“All right. We will move at a steady pace,” said the chairman, and soon the county manager was giving a report on the new office, noting that it was going to have $60,000 worth of new surveillance cameras.

“If you’re in the election areas, you’re going to be on camera, recorded,” he said. “Any issues taking place, they will be caught on a recording. We are taking it very seriously. There will be windows in every single room, secure, but totally visible to what’s going on.”

“So that the public can see,” the chairman said, then moving on to the next item, the search for the new election supervisor, not saying a word about Waddell, who kept her eyes down, taking notes.

That was what things had become, but Waddell could remember how all of it used to be, all the way back to the first Election Day she’d ever worked, a November Tuesday in Rome. She recalled that it was not cold but cool. She remembered how she woke before dawn, dressed comfortably for the long day ahead and hustled to the office before 6 a.m. It was in the county courthouse then, and she arrived to the smell of fresh coffee and the sight of poll workers buzzing around, picking up supplies and dropping off muffins for the staff. She remembered the supervisor, a woman who dressed in a suit and heels and told them, “I don’t care what you do outside this office, but when you’re here, you’re nonpartisan.” She remembered settling into her desk and the phone starting to ring as soon as the polls opened. Someone needed more pencils. Someone needed a form. Someone had forgotten their precinct. Every detail felt so important, so momentous, an urgency rising into the evening as the polls closed and the precinct captains returned to the office with rubber-banded stacks of ballots in zip-tied bags.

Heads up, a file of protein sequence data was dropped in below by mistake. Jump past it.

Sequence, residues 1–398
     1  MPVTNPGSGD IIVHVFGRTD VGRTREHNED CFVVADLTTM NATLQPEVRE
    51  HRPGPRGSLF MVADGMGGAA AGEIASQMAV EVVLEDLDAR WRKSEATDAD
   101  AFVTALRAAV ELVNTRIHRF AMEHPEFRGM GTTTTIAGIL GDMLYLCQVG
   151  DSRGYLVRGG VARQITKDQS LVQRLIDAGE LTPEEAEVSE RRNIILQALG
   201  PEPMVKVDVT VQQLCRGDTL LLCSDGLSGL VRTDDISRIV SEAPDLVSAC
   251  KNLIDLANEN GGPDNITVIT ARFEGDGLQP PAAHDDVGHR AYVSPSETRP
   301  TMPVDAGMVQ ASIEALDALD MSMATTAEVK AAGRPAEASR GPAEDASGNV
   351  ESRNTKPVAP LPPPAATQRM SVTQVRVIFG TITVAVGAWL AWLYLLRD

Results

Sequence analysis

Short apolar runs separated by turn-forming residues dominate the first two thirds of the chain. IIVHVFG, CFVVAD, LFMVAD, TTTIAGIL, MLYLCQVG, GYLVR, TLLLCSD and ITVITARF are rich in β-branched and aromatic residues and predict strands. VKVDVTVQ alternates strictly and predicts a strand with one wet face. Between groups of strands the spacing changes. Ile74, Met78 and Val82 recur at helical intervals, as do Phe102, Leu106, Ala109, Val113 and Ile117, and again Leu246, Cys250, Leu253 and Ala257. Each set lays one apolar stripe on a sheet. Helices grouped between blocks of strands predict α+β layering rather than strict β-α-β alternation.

It was Waddell who helped receive them. She remembered carrying the bags with ceremony into the gathering crowd in an adjacent room where all the candidates and supporters were milling around and how they followed her over to the tallying machine. She remembered pulling the rubber bands off the stacks. She remembered the distinct weight of a ballot. She remembered feeding each one into the humming machine, and the people watching, and then cheering as the results were delivered, and that was how it was year after year, even as the ritual moved into the county commission building. It had always been the same: Months of unseen preparation followed by the thrill of dawn on another Election Day. And what became Waddell’s favorite part — the rush of walking into the crowd gathered under the rotunda.